Massive number of laws actually hinder progress

Among other rules, Naperville has a law on how many chickens you can keep in your backyard. | File photo
Among other rules, Naperville has a law on how many chickens you can keep in your backyard. | File photo

So why weren’t there more infrastructure projects funded by the Recovery Act?

Too many tax cuts and too much political obstructionism? In part, but the real reason is that it has now become so difficult to get all the permits, meet all the federal, state, and local requirements, and get permission from all the “stakeholders,” that like Gulliver in Lilliput, progress was completely hobbled by a thousand tiny laws.

We neither need nor want all those laws. You’d think that with gas at $4 a gallon we wouldn’t need an anti-cruising ordinance, but we still have one. So does Moline, but they also have a law making it illegal to ice skate on Riverside Pond in June and August, when there is fishing, but not in July. They probably don’t need that law either.

We still have a law requiring cats to be on leashes. I’ve never actually seen one leashed, and most cats would probably just lie there and refuse to walk. It seems cruel to drag them around, so maybe we should do what Colorado does and let them run loose if they’re wearing a taillight.

We have an ordinance limiting the number of backyard chickens to eight. That number was adopted during a council meeting at about 8 o’clock. Coincidence? I’ve always thought it was arbitrary and unnecessary, just like Kirkland’s law that makes it illegal for bees to fly though town.

A lot of these laws were intended to prevent something that they thought would someday become a problem. Perhaps that’s why it’s illegal in Normal to make faces at a dog, or why you can’t give any animal in Zion a lighted cigar.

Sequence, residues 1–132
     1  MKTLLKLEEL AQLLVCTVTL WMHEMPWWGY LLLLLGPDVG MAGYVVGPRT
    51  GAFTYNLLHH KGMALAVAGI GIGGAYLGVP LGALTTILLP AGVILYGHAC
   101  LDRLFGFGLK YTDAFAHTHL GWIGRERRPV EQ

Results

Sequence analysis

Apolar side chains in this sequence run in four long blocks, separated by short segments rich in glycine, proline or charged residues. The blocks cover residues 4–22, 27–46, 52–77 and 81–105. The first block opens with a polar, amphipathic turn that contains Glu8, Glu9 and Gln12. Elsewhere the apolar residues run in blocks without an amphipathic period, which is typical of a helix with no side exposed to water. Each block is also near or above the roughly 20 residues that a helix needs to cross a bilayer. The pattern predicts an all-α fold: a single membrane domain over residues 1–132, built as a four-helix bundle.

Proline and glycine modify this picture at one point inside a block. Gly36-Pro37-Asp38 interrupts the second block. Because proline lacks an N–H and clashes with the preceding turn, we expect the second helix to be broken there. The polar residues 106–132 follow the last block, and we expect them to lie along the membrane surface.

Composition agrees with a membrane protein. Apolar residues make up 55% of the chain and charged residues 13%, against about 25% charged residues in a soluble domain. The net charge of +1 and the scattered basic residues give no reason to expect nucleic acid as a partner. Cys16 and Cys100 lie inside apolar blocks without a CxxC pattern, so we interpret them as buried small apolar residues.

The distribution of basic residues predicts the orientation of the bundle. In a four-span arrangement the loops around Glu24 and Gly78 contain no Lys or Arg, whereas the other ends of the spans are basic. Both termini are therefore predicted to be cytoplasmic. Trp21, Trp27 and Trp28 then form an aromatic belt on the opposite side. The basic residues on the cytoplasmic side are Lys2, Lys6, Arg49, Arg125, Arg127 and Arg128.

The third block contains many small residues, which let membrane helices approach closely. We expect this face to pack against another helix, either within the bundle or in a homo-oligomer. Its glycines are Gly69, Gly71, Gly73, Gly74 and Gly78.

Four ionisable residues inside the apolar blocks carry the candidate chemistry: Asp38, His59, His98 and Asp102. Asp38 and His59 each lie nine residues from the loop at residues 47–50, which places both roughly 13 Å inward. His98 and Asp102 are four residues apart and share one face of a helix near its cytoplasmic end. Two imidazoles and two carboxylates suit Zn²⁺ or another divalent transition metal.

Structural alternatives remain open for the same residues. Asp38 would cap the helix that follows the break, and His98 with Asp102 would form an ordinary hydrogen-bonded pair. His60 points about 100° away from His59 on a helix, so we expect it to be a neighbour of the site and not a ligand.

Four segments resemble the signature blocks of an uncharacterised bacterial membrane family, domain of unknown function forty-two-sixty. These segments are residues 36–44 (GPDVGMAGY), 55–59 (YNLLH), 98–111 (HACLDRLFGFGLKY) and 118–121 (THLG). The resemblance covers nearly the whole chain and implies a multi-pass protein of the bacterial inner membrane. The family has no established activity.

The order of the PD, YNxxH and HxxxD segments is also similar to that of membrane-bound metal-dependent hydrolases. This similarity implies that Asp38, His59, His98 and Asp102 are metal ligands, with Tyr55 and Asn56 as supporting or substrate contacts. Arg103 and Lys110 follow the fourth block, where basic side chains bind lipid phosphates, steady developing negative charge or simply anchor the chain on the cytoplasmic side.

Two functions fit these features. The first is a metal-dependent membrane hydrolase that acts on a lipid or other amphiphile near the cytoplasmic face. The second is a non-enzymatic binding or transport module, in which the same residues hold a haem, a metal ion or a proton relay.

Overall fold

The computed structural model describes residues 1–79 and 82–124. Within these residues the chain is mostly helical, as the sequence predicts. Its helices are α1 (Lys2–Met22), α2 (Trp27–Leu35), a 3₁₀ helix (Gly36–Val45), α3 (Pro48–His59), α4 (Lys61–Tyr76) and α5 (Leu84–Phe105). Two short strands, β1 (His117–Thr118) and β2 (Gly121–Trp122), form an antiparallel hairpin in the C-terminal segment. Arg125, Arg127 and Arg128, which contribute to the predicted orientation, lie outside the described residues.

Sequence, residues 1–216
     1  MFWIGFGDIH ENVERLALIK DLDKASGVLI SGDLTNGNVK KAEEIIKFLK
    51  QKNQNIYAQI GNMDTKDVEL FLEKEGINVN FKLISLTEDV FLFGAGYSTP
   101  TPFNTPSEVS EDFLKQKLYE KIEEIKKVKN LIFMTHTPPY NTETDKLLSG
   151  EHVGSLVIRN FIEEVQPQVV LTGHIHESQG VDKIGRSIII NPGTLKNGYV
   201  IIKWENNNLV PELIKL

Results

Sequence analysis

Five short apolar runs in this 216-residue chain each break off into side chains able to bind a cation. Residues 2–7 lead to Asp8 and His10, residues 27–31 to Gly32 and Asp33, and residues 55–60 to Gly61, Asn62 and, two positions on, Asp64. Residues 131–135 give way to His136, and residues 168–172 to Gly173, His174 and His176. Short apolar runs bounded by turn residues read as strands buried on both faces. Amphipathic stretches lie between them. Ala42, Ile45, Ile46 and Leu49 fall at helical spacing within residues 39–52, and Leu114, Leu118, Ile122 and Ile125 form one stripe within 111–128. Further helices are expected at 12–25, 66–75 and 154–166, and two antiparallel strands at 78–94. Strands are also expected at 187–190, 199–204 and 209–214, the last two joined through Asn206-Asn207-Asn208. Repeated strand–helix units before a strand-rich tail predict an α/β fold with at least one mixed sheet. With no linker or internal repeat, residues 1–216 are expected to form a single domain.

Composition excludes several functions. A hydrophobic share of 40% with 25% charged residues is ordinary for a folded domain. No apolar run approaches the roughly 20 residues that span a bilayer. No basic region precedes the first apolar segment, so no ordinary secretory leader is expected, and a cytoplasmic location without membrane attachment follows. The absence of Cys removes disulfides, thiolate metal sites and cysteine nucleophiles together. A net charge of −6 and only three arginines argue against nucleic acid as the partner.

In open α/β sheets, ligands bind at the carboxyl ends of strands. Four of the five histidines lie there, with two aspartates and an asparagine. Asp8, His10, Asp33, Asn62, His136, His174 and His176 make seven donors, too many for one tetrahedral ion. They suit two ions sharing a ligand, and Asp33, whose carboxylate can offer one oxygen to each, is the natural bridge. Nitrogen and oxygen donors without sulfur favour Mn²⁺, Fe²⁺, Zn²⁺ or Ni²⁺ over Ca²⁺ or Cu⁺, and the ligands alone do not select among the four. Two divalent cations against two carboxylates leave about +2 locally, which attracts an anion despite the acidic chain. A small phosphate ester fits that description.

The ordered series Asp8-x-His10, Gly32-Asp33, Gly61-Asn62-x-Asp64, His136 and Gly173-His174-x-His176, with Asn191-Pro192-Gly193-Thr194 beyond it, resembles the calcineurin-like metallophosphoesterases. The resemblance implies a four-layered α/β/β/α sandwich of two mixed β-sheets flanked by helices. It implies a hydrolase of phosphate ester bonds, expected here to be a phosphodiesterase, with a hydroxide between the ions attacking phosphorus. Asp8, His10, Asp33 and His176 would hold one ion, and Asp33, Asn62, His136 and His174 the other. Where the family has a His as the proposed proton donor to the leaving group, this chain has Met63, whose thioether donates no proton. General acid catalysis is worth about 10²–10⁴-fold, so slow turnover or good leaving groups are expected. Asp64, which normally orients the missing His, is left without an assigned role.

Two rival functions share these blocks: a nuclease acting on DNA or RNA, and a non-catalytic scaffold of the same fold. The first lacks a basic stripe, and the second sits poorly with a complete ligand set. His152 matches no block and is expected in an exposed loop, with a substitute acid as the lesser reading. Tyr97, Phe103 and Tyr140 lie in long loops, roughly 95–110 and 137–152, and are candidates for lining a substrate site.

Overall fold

But dealing with a problem that hasn’t yet occurred can backfire. We have absolutely no evidence, for example, that renters neglect the property they’re renting. It certainly isn’t true in my subdivision. In fact, we have a resident’s association instead of a homeowner’s association because we have found that our renters are as responsible and considerate as our owners and value them equally.

Discriminating against rentals by registering landlords and making renters feel like suspected second-class citizens could make blight a self-fulfilling prophecy. I think the last thing we should do is discourage investment in our real estate market.

Some laws are ignored because people think they’re stupid. In Joliet, a town that until 1845 was called Juliet, you can be fined $5 for pronouncing it Jolly-ette. People ignore it, just like they do our law requiring every pet to be relicensed every year. And they’ll ignore it if we change it to licensing them only once because it’s simply officious and serves no useful purpose. Vets ensure pets have their shots, and I haven’t seen Atticus Finch out shooting any rabid dogs.

We need to sunset every single law we have. I know of an important dredging project that was approved only after the Recovery Act guaranteed their loan. They’ve been so tied up in permits, notifications, and court proceedings, however, that they’re just getting started later this year.

Some laws that seem dumb really aren’t. It’s illegal in Alabama to carry an ice cream cone in your back pocket. It seems silly, but that’s how horse thieves used to lure horses away from where they were hitched, claiming afterward that they had simply followed them home. Others were probably passed to make some moral point, like the one that says you can’t hunt whales in Kansas. But most, like the one in Chicago that forbids fishing while sitting on a giraffe’s neck, simply defy explanation.

The role of government is not to establish a collective morality and uniformity of behavior, but to defend individual rights, leaving us otherwise free to govern our affairs. That doesn’t require many laws.